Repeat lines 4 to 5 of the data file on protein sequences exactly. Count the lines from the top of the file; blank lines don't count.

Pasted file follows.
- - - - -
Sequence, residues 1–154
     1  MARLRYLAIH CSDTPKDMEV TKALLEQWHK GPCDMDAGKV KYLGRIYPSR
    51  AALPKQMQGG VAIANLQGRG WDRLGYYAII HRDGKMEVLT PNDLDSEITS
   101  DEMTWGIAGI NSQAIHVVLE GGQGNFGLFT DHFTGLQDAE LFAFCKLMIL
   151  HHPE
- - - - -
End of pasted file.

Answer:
   101  DEMTWGIAGI NSQAIHVVLE GGQGNFGLFT DHFTGLQDAE LFAFCKLMIL
   151  HHPE